“I dance because I have to … I dance because my soul needs it.”
Jason Samuels Smith—award-winning tap dancer, teacher, choreographer, and humanitarian—is a multi-talented leader and lifelong champion of tap dancing.
His numerous accolades include an Emmy, a Dance Magazine Award, an American Choreography Award, and the Gregory Hines Humanitarian Award—one of his most cherished honors. He has also received a number of grants and residences to support his new projects.
Jason was born in New York City on October 4, 1980, to jazz dance masters, Sue Samuels and Jo Jo Smith—so performing arts was a way of life. It was also a gift he inherited from generations of dancers, musicians and visual artists. They include his great grandmother, Tempy Smith of Harlem Renaissance fame and grandfather, Joseph Benjamin Smith—a Harlem tap dancer. He and his sister Helena were a tap act and regulars at the Apollo Theater.
Additionally, the culture-rich environment of his father’s dance studio, Jo Jo’s Dance Factory (later known as Broadway Dance Center), was foundational for his future.
Jason’s first professional job as a tap dancer was on Sesame Street at age eight. He appeared in several episodes with then 15-year-old tap sensation Savion Glover, one of his teachers and mentors. Being on Sesame Street was a dream for Jason and even more exciting, since the studio was just a few blocks from his childhood home in Hell’s Kitchen, NY.
As a youth, Jason actively pursued dance and sports, focusing more on the latter in middle and high school. But the choice became clearer when he attended a rehearsal for a show in which his friend, tap dancer Chris Scott had a role. Chris injured himself, and Jason was asked to be a part of the production. The director, Michael Blevins offered to help purchase a pair of tap shoes so Jason could perform in the show. This was the moment he went from the basketball court to the stage, and never looked back.
Tarik Winston, a performer and choreographer, provided an opportunity with his youth company Teen With a Positive Attitude (TWAPA), which helped Jason solidify his path. He worked in productions such as the Tony Award-winning 1996 Broadway show Bring in ‘da Noise/Bring in ‘da Funk, as of age 15; and performed at the White House and beyond in the ‘90s with Savion’s group NYOTs (Not Your Ordinary Tappers).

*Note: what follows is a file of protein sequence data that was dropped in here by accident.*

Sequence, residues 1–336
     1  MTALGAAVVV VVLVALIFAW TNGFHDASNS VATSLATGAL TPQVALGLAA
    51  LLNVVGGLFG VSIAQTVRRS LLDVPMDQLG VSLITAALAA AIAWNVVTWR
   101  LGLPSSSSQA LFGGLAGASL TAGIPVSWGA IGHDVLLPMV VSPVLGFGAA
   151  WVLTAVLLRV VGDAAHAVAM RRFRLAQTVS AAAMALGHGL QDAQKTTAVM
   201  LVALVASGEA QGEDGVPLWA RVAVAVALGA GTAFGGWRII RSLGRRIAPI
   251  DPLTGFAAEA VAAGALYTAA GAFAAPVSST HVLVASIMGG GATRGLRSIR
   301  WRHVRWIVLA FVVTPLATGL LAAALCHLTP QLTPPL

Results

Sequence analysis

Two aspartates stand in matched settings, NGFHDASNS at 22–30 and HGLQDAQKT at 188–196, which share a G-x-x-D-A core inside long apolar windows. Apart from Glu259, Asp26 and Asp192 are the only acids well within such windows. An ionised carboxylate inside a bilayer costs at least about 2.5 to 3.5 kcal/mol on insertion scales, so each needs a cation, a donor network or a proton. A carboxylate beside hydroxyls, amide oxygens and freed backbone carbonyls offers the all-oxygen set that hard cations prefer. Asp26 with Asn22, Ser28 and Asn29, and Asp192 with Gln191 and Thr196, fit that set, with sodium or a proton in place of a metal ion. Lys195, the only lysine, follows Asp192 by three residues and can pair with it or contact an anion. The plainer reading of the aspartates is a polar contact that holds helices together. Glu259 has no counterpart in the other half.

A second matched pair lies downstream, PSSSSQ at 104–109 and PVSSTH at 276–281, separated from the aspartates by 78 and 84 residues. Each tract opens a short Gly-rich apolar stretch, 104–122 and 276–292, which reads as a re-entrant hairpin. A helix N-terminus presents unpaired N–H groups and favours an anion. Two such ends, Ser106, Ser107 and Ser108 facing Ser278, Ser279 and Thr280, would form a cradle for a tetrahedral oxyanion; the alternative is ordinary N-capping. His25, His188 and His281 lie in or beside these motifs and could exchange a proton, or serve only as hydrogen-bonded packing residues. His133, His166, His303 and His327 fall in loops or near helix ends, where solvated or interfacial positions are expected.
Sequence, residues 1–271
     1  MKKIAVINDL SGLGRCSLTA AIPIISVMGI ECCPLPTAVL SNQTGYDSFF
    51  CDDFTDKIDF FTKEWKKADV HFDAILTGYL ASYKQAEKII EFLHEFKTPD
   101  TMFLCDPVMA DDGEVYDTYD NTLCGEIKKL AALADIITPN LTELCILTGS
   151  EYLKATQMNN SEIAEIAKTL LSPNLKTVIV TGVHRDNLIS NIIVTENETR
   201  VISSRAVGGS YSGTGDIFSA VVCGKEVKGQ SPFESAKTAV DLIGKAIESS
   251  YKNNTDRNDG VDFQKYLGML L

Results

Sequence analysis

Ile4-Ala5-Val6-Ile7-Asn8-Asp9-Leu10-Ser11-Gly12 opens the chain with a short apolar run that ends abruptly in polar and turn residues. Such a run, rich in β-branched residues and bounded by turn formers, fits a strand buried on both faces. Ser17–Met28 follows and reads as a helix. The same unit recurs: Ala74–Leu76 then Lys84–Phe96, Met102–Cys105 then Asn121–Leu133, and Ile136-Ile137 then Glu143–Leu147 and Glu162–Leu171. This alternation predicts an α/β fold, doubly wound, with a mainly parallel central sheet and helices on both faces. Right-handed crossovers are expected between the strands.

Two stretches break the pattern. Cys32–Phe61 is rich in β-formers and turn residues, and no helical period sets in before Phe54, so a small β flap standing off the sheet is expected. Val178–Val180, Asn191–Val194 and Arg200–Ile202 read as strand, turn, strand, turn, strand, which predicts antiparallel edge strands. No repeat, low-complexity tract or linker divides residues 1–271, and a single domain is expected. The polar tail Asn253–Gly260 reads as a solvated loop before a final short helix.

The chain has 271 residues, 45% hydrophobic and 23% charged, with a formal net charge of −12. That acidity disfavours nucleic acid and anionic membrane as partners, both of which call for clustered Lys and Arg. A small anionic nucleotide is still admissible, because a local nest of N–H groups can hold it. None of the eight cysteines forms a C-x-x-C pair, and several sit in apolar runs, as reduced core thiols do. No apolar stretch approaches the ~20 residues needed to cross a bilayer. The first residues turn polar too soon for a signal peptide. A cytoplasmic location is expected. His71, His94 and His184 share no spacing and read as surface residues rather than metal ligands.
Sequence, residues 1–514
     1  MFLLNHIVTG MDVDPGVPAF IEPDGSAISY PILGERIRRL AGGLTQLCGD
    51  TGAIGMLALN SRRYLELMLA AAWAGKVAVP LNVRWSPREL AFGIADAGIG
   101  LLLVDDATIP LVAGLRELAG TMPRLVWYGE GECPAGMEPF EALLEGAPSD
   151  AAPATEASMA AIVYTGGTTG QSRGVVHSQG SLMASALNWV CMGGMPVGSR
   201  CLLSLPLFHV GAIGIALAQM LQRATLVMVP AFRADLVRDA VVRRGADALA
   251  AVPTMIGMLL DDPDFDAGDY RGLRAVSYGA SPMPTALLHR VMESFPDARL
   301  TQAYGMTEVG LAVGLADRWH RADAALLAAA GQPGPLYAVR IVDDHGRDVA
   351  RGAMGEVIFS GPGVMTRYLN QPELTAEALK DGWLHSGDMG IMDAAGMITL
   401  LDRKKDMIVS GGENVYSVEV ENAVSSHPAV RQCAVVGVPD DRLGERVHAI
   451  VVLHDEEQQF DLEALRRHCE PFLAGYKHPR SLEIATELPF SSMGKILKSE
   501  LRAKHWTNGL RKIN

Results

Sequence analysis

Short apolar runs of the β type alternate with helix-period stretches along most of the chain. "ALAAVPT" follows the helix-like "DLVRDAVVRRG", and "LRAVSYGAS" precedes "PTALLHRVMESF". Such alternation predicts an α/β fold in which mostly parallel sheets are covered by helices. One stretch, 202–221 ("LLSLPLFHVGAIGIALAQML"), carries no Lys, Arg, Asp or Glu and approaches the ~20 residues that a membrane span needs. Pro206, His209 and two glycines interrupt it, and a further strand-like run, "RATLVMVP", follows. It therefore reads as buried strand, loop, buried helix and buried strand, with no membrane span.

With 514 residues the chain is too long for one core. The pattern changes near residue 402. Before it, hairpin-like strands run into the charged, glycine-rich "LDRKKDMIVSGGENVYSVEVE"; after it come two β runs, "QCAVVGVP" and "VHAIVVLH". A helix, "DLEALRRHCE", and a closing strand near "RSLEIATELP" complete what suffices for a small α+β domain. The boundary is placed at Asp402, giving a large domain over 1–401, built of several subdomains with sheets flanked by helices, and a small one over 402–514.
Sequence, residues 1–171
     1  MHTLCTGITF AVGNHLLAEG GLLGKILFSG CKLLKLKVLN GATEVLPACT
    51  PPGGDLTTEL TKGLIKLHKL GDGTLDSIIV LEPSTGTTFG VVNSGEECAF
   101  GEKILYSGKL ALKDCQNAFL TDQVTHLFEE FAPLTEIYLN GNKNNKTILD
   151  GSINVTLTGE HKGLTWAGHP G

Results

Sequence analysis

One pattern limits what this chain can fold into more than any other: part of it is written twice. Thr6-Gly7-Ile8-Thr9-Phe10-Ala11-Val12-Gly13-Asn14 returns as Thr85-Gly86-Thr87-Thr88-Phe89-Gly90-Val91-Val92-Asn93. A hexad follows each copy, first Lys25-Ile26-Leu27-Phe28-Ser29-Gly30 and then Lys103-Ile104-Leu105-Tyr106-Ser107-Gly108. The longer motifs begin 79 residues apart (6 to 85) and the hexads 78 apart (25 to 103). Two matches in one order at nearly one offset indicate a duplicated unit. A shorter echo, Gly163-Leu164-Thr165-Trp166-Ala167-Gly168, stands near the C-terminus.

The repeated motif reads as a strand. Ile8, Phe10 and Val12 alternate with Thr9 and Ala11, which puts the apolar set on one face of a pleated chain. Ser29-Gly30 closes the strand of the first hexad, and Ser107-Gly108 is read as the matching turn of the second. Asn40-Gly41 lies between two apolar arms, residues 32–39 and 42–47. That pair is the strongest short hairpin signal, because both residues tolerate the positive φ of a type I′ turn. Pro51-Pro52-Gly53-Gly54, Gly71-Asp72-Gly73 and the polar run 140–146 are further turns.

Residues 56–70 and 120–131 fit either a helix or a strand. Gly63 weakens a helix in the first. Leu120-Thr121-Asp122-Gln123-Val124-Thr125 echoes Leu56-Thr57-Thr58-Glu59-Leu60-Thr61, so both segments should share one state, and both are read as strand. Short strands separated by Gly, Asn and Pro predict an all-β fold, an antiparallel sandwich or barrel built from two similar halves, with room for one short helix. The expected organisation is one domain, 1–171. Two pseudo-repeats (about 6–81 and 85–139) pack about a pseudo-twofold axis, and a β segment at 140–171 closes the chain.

A distinctive style
Savion taught Jason the importance of acknowledging the tap greats before him and studying their work. Seeing films with tap icon Gregory Hines made Jason believe he too could become a successful tap dancer. He first worked with Gregory on Sesame Street.
Jason is confident that the distinctive approach of Black tap dancers sets the bar for the genre. Beyond technique, footwork, vocabulary, timing and rhythm, their dancing is about exuding raw essence—a vibe.
That is what he aims for when he performs. Jason draws from a deep understanding of historical and musical knowledge. His style is dynamic; at times energetic and aggressive, while sophisticated and playful—mixing it up and giving nods to master hoofers that have influenced his craft.
When Gregory agreed to perform as a headlining guest at Jason’s 2003 Los Angeles Tap Festival, hosted and produced by the Debbie Allen Dance Academy, it was an honor and a validation he greatly appreciated. Unfortunately, Gregory passed before the event.
Jason’s opening number of the 2003 Jerry Lewis/MDA Telethon, in a tribute to Gregory Hines, won him an Emmy and an American Choreography Award for “Outstanding Choreography.”
In 2001, Jason also worked with tap lover Michael Jackson, appearing in the music video for “You Rock My World.”
Jason later appeared in several films and television series, including Dean Hargrove’s award-winning short film Tap Heat in 2004 and his documentary Tap World in 2015; Black Nativity, Outkast’s Idlewild, CBS’s Dancing With The Stars, USA’s Psych, and his cousin Debbie Allen’s Cool Women.
In 2009, when Jason debuted at the prestigious Jacob’s Pillow for the Dance Festival gala, writer Brian Seibert described his performance as “a feast of rhythmic brilliance, a nearly fifteen-minute flow of ferocious technique and astonishing invention.” He returned to that stage in 2016.
Jason continues to be inspired by the beautiful complexity and cultural significance of tap. It’s manifested in his transformative work as an educator and mentor, impacting youth in underserved neighborhoods in the United States and around the world. He has also helped to launch the careers of many of today’s successful tap dancers.
In 2005, Jason’s expertise and commitment to the craft transcended the stage to create the most important tool a tap dancer can own—tap shoes. As the first official tap representative for BLOCH, he meticulously designed, tested, and developed an original professional tap shoe.
Today, Jason continues to tour the world, performing with his company A.C.G.I. (Anybody Can Get It), India Jazz Suites, Dormeshia’s And Still You Must Swing, Chasin’ the Bird and many others.